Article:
If you know your classic vampires, then you know that their first major occurrence in English literature is The Vampyre, by John Polidori, which was conceived in that famous meeting of minds during the “Year Without a Summer” (1816), which produced Mary Shelley’s Frankenstein. Then there are the ‘penny dreadful’ series Varney the Vampire, in the 1840s, before Dracula finally arrives in 1897 and becomes the benchmark.
That classic was preempted, however, by a great, creepy novella called Carmilla, produced by the gothic ghost story author Joseph Sheridan Le Fanu. Written in 1872, the story features a young female vampire whose only victims are young girls. A beautiful stranger named Carmilla drops mysteriously into the secluded household of a retired military officer, and begins to seduce his young daughter Laura, who is the narrator. The father and daughter live in Styria in an old castle in the woods, (as you do), which the father supposedly secured at a bargain, and which is not far from the ruins and tombs of a village once presided over by the noble Karnsteins.
Laura begins the story by describing an incident from her childhood that haunts her, in which a beautiful girl appeared to her in her nursery, and curled up with her in the bed. This self-same girl arrives twelve years later and becomes a house guest – a “very languid”, mysterious one who sleeps until late into the afternoon, eats little, and is prone to inappropriate outbursts of passion towards Laura. (The best one is a whispered, “You are mine, you shall be mine, and you and I one forever”…!) Laura decides Carmilla must be a natural romantic, who is really pining for a secret lover, but Le Fanu goes into excellent detail about how Carmilla is strangely both attractive and repellent to Laura: “I was conscious of a love growing into adoration, and also of abhorrence.”
Le Fanu paints a vivid picture of Carmilla. She is obviously of noble birth, but will not reveal anything about her background; she is syrupy sweet, until a funeral procession passes with the mourners singing hymns, at which she becomes inexplicably infuriated. Her seductiveness is decidedly creepy, and just inappropriate enough to make you think how wild this must have been at the time (vampire and a lesbian, gasp!). It’s also interesting that instead of being burned by sunlight, this vampire is just really not a morning person, and is so sleepy during the day that she is exhausted by short walks in the woods. Le Fanu describes it as sort of a sexy laziness.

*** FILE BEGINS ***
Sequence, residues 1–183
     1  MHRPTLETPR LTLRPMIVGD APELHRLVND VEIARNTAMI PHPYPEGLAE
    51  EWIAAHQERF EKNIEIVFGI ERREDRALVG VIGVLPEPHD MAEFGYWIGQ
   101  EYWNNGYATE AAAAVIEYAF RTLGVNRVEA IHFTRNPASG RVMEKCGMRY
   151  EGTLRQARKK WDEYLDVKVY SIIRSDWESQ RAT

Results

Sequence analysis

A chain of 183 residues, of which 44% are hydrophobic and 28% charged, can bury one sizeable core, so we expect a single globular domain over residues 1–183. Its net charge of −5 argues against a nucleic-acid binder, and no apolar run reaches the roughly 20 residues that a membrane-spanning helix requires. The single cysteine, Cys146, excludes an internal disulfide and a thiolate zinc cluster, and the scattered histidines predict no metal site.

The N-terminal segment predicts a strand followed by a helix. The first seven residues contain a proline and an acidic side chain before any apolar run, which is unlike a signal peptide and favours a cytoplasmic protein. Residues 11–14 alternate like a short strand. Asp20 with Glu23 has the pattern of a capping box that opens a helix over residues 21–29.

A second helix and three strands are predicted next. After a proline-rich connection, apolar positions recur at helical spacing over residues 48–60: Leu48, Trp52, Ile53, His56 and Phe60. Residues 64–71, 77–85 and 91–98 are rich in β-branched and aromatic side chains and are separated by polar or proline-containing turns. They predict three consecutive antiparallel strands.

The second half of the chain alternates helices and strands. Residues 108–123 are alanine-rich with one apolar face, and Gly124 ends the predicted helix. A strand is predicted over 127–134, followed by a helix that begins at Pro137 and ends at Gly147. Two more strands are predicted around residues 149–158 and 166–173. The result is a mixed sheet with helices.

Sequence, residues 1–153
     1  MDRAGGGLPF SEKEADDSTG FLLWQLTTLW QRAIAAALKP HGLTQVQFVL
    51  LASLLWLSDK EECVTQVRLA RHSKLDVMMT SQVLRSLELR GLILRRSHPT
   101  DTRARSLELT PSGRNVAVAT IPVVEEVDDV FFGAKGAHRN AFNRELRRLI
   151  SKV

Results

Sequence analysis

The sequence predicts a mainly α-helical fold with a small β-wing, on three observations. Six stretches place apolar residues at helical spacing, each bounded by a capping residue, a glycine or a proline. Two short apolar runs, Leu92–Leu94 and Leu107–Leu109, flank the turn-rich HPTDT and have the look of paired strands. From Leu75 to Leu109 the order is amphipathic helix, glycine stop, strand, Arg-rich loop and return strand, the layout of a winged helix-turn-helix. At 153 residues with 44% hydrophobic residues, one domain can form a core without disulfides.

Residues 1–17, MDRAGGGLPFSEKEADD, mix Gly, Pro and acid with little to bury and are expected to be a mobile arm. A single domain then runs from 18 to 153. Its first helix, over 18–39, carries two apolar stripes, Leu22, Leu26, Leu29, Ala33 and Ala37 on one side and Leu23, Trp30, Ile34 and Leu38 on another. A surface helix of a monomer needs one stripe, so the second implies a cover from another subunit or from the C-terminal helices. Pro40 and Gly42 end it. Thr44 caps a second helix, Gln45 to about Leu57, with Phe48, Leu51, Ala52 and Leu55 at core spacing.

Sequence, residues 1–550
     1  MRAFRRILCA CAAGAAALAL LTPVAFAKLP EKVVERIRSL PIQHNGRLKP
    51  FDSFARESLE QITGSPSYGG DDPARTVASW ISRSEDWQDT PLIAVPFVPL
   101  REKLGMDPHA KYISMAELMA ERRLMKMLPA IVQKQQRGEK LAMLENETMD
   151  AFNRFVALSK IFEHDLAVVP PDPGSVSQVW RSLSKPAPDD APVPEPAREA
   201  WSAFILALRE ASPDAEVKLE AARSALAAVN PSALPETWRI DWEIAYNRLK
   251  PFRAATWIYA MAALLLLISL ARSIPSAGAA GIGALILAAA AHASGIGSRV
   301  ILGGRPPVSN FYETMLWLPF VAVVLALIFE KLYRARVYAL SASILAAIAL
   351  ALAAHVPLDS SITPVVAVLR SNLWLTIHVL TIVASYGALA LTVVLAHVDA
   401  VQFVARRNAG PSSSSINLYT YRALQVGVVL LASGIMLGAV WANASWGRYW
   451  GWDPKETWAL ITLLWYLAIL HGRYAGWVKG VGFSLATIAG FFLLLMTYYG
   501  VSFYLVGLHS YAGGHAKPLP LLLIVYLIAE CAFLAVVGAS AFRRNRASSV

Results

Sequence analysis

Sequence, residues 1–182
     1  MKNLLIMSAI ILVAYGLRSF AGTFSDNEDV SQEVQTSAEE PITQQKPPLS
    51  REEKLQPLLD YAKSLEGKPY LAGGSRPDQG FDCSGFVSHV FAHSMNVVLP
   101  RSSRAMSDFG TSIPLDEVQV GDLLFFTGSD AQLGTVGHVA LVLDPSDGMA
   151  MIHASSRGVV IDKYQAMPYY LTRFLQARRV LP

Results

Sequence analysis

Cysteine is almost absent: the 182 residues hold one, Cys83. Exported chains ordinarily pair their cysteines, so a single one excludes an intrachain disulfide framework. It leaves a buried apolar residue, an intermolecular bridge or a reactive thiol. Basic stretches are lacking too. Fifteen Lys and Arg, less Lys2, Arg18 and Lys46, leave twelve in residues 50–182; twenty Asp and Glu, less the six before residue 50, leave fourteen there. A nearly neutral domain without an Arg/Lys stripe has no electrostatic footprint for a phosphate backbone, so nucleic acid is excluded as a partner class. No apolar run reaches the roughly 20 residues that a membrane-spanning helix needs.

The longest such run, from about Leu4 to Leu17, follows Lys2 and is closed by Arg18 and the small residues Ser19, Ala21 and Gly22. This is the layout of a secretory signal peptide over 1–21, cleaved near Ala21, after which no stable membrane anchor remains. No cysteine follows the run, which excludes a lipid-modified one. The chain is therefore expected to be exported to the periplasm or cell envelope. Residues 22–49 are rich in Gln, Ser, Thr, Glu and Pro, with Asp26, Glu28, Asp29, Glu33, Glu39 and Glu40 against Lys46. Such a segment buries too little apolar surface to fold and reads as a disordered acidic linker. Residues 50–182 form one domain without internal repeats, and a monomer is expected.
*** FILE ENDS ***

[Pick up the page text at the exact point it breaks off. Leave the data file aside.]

Carmilla’s allusion to the night she became a vampire is delightfully weird: “‘I was all but assassinated in my bed, wounded here,’ she touched her breast, ‘and never was the same since… a very – cruel love – strange love, that would have taken my life. Love will have its sacrifices. No sacrifice without blood.'” There is one detail about the final image of her in her coffin, which I thought was surprisingly disturbing: Le Fanu says she is floating in seven inches of blood inside it.
As the story goes on, young women in nearby villages begin to waste away mysteriously, and it is discovered that Carmilla is not always in her room at night. Laura begins to have dreams in which she feels two sharp needles pierce her breast and glimpses Carmilla-shapes vanish and reappear about her room. Like Carmilla, she becomes sleepy and melancholy during the day. She describes the feeling as knowing something is wrong, but not really minding it, as it is kind of pleasant. Thankfully, along comes the neighbor General Spielsdorf, who has determined exactly how his niece has died and wants a good look at those Karnstein tombs.
It really is a great, lesser-known vampire story, with the perfect setting and a well-drawn title character. You can find it on its own or in collections such as Best Ghost Stories of J.S. Le Fanu, which I’m currently reading.
Image via Amazon